Two events in 2000 cemented the financial, cultural, and critical success of the graphic novel. Beloved by fans and critics, the movie X-Men, based on the long-running Marvel comic book, sent the new buyers into bookstores looking for further adventures of their favorite mutants. A succession of popular movies (and their sequels) has followed: three Spider-Man films, two more X-Men, two Fantastic Four, two additional installments in the Batman franchise, and Iron Man. Each new film increased the visibility and interest in comic books. Additionally, several movies based on non-super-hero properties such as Ghost World (2001), Road To Perdition (2002), American Splendor (2003), and A History of Violence (2005), received measures of acclaim and profit while offering a welcome mature perspective for grown up audiences.

For booksellers, Michael Chabon's 2000 novel The Amazing Adventures of Kavalier & Clay irrevocably altered the landscape. A literary darling, Chabon employed the tropes, characters, and subjects of his beloved pulps and comics to craft his Pulitzer Prize-winner. Chabon's protagonists, former escape artist Kavalier and Clay, son of a circus strongman, work in the booming comics industry of 1939 New York. The pair creates a sensation with their anti-fascist hero Escapist. The novel, based in part on the lives of comic book luminaries Jack Kirby, Stan Lee, Jerry Siegel, Joe Shuster, Joe Simon, Will Eisner, and Jim Steranko, follows the artist's lives from the birth of Superman to the controversial Kefauver Senate hearings, which lead to the industry-crippling Comics Code Authority.

Chabon's story not only made comic books cool with The New Yorker set but also ushered in a wave of nostalgia for older comics. Over the past ten years, nary a month goes by without some older work, worthwhile or not, being published in a slick format hardcover. Chabon's work has affected the newer stuff as well. Nearly every comic book published in the past 15 years has been collected into bound books.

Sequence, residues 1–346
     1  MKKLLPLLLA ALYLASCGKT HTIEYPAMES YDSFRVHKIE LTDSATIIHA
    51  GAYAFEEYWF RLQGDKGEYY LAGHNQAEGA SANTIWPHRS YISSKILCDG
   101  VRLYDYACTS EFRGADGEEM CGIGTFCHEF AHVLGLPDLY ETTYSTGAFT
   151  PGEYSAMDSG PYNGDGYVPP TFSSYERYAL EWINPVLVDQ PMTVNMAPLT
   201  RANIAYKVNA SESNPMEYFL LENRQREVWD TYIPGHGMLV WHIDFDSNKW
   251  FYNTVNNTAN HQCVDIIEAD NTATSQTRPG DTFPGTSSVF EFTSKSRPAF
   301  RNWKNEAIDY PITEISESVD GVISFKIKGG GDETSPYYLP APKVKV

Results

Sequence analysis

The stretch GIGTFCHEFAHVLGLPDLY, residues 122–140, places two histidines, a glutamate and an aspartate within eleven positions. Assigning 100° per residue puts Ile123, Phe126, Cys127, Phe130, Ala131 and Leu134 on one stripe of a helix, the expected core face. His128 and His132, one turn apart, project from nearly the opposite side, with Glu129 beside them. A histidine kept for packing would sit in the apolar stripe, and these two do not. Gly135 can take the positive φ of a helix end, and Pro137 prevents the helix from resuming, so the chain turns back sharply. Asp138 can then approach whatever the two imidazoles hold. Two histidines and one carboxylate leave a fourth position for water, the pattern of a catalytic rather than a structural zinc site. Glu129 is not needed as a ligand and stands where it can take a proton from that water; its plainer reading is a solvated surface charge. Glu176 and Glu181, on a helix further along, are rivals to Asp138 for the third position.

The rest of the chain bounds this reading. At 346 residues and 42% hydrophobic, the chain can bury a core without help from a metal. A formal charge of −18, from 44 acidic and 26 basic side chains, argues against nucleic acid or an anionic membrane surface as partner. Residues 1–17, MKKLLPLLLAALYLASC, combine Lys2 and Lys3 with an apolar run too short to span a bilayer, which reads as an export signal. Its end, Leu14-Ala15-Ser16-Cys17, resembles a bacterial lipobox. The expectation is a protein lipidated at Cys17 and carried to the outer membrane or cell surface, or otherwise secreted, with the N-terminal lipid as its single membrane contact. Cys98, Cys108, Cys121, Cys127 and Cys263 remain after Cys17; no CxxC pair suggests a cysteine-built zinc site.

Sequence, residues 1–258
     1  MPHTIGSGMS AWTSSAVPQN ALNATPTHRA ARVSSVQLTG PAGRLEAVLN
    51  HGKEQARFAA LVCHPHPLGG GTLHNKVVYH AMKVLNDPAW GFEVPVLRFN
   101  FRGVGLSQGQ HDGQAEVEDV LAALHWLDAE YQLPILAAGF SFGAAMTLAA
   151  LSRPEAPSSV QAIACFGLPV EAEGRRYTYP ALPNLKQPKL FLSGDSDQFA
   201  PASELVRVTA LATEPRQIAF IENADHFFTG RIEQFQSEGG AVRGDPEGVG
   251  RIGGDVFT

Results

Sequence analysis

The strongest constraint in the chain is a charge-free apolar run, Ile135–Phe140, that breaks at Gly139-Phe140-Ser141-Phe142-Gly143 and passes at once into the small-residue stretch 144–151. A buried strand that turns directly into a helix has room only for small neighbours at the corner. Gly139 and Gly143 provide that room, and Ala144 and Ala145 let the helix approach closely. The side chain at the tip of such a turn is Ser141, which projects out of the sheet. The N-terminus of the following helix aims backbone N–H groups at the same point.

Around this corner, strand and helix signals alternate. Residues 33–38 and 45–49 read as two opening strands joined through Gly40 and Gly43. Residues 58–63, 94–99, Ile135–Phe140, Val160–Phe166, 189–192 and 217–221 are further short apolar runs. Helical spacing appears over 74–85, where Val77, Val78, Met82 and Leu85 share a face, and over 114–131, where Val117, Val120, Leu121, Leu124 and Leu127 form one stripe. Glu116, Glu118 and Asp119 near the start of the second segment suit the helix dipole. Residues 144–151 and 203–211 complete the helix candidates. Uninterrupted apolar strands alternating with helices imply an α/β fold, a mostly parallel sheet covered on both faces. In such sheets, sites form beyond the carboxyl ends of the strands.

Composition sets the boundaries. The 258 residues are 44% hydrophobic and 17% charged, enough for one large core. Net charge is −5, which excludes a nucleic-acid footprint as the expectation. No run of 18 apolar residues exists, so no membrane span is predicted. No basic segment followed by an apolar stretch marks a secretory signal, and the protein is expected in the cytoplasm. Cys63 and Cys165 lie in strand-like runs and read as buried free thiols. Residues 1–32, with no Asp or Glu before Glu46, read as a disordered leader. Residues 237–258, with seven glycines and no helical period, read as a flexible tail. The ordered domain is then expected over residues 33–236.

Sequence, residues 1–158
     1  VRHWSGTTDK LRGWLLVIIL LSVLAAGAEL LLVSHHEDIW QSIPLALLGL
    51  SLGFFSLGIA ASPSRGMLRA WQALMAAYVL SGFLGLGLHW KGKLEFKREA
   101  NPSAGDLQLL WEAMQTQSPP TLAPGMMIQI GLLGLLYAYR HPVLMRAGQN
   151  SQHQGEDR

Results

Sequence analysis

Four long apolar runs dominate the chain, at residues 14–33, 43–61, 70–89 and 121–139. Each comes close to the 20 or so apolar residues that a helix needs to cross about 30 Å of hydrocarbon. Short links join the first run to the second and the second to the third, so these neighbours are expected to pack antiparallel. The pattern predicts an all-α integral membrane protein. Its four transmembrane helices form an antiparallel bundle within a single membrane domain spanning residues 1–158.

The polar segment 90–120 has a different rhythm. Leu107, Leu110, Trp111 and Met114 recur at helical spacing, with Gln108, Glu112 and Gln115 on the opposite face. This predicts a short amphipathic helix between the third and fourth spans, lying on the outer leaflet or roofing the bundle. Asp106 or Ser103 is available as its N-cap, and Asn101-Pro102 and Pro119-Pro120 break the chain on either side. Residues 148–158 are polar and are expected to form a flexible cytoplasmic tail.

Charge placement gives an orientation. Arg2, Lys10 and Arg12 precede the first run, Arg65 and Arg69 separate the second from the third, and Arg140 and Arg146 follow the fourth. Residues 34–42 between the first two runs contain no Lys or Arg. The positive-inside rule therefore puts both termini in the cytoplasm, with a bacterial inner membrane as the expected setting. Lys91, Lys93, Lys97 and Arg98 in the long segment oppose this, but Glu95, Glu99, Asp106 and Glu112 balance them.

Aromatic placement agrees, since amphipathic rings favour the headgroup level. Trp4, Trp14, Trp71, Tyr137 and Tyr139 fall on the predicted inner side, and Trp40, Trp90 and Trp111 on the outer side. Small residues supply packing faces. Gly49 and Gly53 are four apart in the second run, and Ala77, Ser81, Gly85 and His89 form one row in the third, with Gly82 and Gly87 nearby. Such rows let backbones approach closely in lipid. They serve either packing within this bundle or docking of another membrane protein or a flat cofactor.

When I first started working in comics, the industry focused on an insular market of specialty shops for budding geeks and collectors. Thankfully, though comic book shop sales spiral downward, graphic novels remain one of the few growth areas in both specialty shops and mainstream bookstores in an otherwise depressed market. The entire industry is shifting for the better from individual comic books to bound books. This change welcomes newer talents and allows for a wider variety of genres and subject material within in the burgeoning medium.


1 Japanese comics written for girls 7-18 years old

Copyright © 2009 Rick Klaw

Professional reviewer, geek maven, and optimistic curmudgeon, Rick Klaw has supplied countless reviews, essays, and fiction for a variety of publications including The Austin Chronicle, The San Antonio Current, The Greenwood Encyclopedia of Science Fiction and Fantasy, Moving Pictures RevolutionSF, King Kong Is Back!, Conversations With Texas Writers, Farscape Forever, Electric Velocipede, Cross Plains Universe, and Steampunk. MonkeyBrain Books published the collection of his essays, reviews, and other things Klaw, Geek Confidential: Echoes From the 21st Century. He can often be found pontificating on Twitter and over at The Geek Curmudgeon.